How will you shop this holiday season? Chances are your answer includes taking advantage of ecommerce solutions. Online and mobile shopping offers the ability to shop whenever, wherever. Ecommerce retailers offer large, varied inventory, competitive prices, and fast delivery to consumers’ doorsteps. How can traditional brick-and-mortar retailers keep up with that? And as customers require more personalization in manufacturing, how can factories rethink their business strategies—and their factories themselves—to provide this customization?
The realities of ecommerce growth are pressuring supply chains, forcing supply-chain executives to find ways to make their operations more efficient. Robotics technology is one way companies with large, integrated distribution centers are rising to the challenge. Honeywell recently announced it’s collaborating with Fetch Robotics to provide distribution centers with technology in the form of autonomous mobile robots that can help distribution centers keep up with growing volumes of ecommerce orders. This announcement follows another one by Honeywell Intelligrated and Carnegie Mellon University, which revealed the organizations’ commitment to working together to develop next-gen AI (artificial intelligence) and robotics technologies for distribution centers.
Fetch Robotics says its autonomous mobile robots use a combination of LiDAR and 3D cameras to navigate unpredictable warehouse environments. The devices can reroute in realtime if an obstacle appears—similar to the way autonomous vehicles avoid collisions on the road. The robots are capable of operating safely alongside human workers to transport items through distribution centers without human guidance or fixed paths. Honeywell says the partnership with Fetch Robotics will help its customers increase productivity and boost labor efficiency by automating part of their distribution center operations.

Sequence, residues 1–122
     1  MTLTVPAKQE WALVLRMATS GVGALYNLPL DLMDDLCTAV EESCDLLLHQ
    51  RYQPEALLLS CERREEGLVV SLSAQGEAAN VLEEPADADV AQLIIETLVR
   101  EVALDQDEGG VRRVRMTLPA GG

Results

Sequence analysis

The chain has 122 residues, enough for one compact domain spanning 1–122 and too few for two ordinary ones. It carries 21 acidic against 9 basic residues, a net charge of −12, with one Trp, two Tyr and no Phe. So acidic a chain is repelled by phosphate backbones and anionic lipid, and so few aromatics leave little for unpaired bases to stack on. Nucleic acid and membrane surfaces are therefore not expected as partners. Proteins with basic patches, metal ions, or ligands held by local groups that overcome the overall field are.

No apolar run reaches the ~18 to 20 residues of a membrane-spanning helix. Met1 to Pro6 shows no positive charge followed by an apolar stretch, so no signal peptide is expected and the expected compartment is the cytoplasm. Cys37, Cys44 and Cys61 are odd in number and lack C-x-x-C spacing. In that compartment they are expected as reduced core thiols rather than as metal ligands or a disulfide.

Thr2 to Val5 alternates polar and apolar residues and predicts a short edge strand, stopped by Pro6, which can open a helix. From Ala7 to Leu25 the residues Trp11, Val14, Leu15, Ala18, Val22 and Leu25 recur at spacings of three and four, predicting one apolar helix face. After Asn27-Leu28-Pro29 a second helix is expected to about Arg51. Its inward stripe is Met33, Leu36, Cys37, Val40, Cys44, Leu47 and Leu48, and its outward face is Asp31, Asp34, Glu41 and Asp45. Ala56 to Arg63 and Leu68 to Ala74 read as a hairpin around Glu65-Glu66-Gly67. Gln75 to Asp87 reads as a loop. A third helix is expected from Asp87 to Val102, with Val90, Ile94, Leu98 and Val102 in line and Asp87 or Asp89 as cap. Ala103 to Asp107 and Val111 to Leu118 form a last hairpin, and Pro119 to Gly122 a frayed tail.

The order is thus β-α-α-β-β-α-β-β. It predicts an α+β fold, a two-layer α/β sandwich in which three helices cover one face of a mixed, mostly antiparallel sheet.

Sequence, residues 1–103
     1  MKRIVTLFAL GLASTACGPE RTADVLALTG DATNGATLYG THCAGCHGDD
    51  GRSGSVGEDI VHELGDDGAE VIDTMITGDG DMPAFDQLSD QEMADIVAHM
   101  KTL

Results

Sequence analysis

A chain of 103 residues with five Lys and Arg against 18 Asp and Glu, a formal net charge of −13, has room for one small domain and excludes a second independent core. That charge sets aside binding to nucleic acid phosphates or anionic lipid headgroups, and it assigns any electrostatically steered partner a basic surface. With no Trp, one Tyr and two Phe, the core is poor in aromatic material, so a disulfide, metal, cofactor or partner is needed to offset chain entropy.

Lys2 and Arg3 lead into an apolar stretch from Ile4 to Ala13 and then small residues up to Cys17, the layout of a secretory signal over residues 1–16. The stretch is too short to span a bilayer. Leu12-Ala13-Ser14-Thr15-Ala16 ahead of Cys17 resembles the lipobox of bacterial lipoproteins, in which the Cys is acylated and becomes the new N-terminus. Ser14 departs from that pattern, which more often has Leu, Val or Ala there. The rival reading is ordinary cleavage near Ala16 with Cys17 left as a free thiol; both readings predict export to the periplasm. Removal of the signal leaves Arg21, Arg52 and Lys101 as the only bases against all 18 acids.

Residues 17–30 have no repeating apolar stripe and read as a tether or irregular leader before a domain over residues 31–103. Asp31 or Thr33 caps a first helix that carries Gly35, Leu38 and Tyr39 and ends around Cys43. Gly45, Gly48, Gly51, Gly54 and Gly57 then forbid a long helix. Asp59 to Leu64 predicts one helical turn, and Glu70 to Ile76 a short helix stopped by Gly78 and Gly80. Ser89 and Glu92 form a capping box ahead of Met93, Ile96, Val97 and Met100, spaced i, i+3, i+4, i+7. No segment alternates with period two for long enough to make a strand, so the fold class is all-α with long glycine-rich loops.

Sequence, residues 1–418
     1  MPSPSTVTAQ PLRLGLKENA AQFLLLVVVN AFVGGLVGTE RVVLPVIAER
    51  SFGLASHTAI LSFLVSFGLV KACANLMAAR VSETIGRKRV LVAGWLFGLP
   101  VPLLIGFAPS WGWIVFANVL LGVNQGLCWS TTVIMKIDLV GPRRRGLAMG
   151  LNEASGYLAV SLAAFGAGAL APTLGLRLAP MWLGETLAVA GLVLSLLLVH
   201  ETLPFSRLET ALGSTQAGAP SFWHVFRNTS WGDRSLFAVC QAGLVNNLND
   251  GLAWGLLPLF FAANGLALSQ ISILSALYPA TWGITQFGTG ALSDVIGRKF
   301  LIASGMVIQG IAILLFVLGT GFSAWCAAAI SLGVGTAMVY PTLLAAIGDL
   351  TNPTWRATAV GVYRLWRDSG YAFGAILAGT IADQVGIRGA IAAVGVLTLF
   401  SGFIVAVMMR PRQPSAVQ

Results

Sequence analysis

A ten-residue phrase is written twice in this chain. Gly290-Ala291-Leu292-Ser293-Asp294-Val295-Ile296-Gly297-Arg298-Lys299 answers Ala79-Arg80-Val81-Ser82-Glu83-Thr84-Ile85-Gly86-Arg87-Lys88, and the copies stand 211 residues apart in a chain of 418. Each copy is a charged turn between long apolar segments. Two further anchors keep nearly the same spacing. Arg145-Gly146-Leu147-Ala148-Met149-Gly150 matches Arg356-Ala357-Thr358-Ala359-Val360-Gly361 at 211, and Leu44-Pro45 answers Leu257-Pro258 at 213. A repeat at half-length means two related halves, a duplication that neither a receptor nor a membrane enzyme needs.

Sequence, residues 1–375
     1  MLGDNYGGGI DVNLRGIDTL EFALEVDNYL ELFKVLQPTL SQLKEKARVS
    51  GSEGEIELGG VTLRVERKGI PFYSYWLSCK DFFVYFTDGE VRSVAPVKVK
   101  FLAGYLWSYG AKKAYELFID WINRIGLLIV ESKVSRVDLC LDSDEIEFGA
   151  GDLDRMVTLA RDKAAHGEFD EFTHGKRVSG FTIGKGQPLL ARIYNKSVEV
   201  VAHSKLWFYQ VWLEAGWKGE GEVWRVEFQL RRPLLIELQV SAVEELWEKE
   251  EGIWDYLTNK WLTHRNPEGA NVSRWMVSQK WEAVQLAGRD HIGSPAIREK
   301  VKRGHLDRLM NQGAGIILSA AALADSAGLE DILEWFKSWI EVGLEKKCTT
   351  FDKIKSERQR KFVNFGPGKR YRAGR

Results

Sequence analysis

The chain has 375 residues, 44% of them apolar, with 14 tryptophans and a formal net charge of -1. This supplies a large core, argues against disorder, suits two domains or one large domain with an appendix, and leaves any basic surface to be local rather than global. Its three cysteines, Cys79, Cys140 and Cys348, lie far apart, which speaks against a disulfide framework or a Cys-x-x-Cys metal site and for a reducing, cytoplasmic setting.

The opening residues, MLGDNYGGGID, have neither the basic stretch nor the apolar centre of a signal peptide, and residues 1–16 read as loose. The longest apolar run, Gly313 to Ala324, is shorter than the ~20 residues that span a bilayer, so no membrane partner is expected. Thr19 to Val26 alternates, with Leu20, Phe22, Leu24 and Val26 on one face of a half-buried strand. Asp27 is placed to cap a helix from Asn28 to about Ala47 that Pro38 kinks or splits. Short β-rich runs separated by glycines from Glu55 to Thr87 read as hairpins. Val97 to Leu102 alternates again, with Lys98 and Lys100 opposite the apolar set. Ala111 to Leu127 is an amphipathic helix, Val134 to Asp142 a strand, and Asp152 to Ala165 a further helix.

Robots aren’t just adding efficiencies in distribution centers; they’re also being deployed in factories that make robots. ABB recently announced it will invest $150 million to build an automated robotics factory in Shanghai, China. The Kangqiao manufacturing center, which is expected to be operational by the end of 2020, will feature a number of machine learning, digital, and collaborative solutions that will act as a model of the “factory of the future.” It will also feature an onsite R&D (research and development) center designed to help accelerate innovations in AI.
ABB says its own logistics automation solutions will be used throughout the plant, including automatic guided vehicles that can autonomously follow robots as they move through production and provide them with parts from localized stations. Even the factory’s floorplan is innovative. The plant’s flexible layout will be based on interlinked islands of automation rather than fixed assembly lines, the company says. Plus, the use of ABB’s SafeMove2 software will help robots and humans work safely in close proximity.
A willingness to rethink the modern distribution center and factory floor is going to be a calling card of successful businesses going forward. Robotics and AI solutions will likely be an important part of this new model for success. As sectors like retail and manufacturing evolve to meet the needs of connected consumers, it will take flexibility and investment in technology on the part of business executives to stay ahead of the curve and the competition.
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